The final question, then, is whether Livoti's conduct was reckless such that the base offense level for involuntary manslaughter should be 14 rather than 10. See U.S.S.G. § 2A1.4(a)(1) and (2). Application Note 1 to this Section, contains the following definition and guidance:
"Reckless" refers to a situation in which the defendant was aware of the risk created by his conduct and the risk was of such a nature and degree that to disregard that risk constituted a gross deviation from the standard of care that a reasonable person would exercise in such a situation. The term thus includes all, or nearly all, convictions for involuntary manslaughter under 18 U.S.C. § 1112.
I find that Livoti was surely aware of the risks of using a choke hold and that disregarding that risk constituted a gross deviation from the standard of care that a reasonable person, indeed a reasonable police officer, would have exercised in this very non-threatening arrest situation. As already noted, Livoti appreciated the risk created by use of a choke hold because he was aware of the contents of the training film prepared by the Police Department, the October 20, 1993, Interim Order, and Patrol Guide Procedure 104-01, all of which prohibited the use of choke holds. In addition, this was not a situation that called for the use of extreme protective measures that might be required during the arrest of armed or violent criminals. For these reasons, Livoti's conduct was reckless and U.S.S.G. § 2A1.4(2) applies, requiring a base offense level of 14.
B. The Public Official Enhancement
U.S.S.G. § 2H1.1(b)(1) provides a specific offense characteristic enhancement. This section states that "if (A) the defendant was a public official at the time of the offense; or (B) the offense was committed under color of law, increase by 6 levels." The Probation Department and the Government concluded that this enhancement is warranted. Livoti, however, argues that this enhancement is not permitted because 18 U.S.C. § 242, the offense of conviction, requires a finding that the defendant acted under color of law. This section states, in pertinent part, "whoever, under color of law ... willfully subjects any person ... to the deprivation of any rights ... shall be guilty of a crime." 18 U.S.C. § 242. He argues that to allow the enhancement would result in impermissible double-counting, that is considering the same conduct twice.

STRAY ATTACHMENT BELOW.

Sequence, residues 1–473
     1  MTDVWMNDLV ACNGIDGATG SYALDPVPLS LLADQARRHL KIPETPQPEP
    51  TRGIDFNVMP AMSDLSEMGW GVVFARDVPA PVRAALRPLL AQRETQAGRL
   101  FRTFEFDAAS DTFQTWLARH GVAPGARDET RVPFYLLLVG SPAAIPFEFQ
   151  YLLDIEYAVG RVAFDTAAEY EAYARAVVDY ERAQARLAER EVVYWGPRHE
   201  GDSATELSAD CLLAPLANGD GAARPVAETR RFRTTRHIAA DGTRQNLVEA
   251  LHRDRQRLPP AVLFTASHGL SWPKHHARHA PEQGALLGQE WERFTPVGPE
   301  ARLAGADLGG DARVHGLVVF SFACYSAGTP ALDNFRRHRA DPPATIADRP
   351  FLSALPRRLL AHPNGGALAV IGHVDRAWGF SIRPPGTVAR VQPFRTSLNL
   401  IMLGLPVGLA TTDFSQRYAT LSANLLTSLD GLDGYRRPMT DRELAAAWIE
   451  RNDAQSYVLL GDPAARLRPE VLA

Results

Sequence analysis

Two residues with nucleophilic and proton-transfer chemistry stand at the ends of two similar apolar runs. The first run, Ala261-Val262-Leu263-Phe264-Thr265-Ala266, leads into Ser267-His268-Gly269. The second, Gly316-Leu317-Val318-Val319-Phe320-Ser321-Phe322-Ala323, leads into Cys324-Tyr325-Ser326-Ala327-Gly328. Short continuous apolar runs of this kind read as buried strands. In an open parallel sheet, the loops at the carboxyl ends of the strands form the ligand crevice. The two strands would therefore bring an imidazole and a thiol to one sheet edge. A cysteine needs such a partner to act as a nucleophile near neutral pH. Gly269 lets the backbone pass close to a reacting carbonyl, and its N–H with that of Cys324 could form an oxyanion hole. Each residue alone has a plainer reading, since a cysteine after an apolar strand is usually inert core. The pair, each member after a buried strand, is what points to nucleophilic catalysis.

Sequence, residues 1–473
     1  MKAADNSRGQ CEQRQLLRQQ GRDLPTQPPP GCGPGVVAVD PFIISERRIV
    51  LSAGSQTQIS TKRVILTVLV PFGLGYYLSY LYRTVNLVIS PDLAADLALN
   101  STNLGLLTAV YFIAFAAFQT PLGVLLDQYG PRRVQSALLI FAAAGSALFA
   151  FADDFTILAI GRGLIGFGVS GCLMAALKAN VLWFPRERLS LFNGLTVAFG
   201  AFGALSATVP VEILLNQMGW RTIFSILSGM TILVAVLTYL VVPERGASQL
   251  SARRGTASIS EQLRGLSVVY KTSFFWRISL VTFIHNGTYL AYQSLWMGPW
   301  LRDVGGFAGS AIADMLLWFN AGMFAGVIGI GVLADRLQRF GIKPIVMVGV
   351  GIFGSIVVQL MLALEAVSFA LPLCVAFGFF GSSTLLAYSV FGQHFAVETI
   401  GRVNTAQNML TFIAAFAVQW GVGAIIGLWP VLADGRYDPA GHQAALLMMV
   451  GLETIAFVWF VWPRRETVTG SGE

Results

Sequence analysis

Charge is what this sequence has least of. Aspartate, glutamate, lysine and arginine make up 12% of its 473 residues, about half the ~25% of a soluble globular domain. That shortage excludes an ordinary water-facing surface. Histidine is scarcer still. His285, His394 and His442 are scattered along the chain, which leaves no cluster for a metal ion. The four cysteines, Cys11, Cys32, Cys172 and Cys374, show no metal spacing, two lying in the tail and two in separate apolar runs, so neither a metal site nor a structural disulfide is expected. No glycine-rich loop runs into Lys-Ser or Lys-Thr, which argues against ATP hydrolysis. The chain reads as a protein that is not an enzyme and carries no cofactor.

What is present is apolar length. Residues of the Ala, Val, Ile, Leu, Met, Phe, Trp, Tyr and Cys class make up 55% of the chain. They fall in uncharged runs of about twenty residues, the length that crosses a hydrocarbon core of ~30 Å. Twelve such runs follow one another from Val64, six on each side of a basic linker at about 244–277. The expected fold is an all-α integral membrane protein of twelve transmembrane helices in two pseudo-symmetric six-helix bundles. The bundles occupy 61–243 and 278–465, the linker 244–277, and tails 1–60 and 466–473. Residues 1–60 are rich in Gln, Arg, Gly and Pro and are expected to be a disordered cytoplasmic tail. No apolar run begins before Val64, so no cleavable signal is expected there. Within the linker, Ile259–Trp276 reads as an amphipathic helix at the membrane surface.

Livoti's argument must be rejected. In this Circuit, impermissible double counting occurs where a court considers the same factor both in setting the base offense level and in applying a special offense characteristic that enhances that level or in granting a departure from that level. See, e.g., United States v. Hudson, 972 F.2d 504, 506-07 (2d Cir. 1992); United States v. Campbell, 967 F.2d 20, 23 (2d Cir. 1992); United States v. Coe, 891 F.2d 405 (2d Cir. 1989). Section 2H1.1 applies to all civil rights violations, whether or not they are committed by public officials or under color of law. For example, § 2H1.1 provides the applicable guidelines for violations of 18 U.S.C. §§ 242, 245(b), 246, 247, 248 and 1091 as well as 42 U.S.C. § 3631, none of which requires that the defendant have committed a civil rights crime in his official capacity or under color of law. Thus, the "under color of law" element is not a component of the base offense level under § 2H1.1. As a result, application of the six-level enhancement under § 2H1.1 does not constitute impermissible double counting.
Because Livoti acted under color of law and as a public official, a six-level enhancement is warranted pursuant to U.S.S.G. § 2H1.1(b).
C. Obstruction of Justice
Both the Probation Department and the Government believe that a two-level increase for Livoti's obstruction of justice is warranted. U.S.S.G. § 3C1.1 provides that a sentencing court should increase a defendant's offense level "[if] the defendant wilfully obstructed or impeded, or attempted to obstruct or impede, the administration of justice during the investigation, prosecution or sentencing of the instant offense " (emphasis added). Application Note 3 provides a non-exhaustive list of examples of the types of conduct to which the obstruction of justice enhancement applies which includes "committing, suborning, or attempting to suborn perjury."
Before the perjury enhancement is applied, a court must "find that the defendant 1) willfully 2) and materially 3) committed perjury, which is (a) the intentional (b) giving of false testimony c) as to a material matter." United States v. Zagari, 111 F.3d 307, 329 (2d Cir. 1997). The enhancement is mandatory once its factual predicates have been established. United States v. Friedman, 998 F.2d 53, 58 (2d Cir. 1993)(citing United States v. Dunnigan, 507 U.S. 87, 98, 122 L. Ed. 2d 445, 113 S. Ct. 1111 (1993)). Obstruction of justice must be found by clear and convincing evidence. United States v. Ruggiero, 100 F.3d 284, 294 (2d Cir. 1996). Finally, Application Note 1 to § 3C1.1 requires that conflicts as to sworn testimony claimed to be perjurious and about which the judge has no firm conviction must be evaluated in the light most favorable to the defendant.
The Government argues that the obstruction of justice enhancement is warranted because Livoti lied during his state grand jury testimony and because he offered perjured testimony in his defense. I will address both of these contentions.
1. Perjury Before the State Grand Jury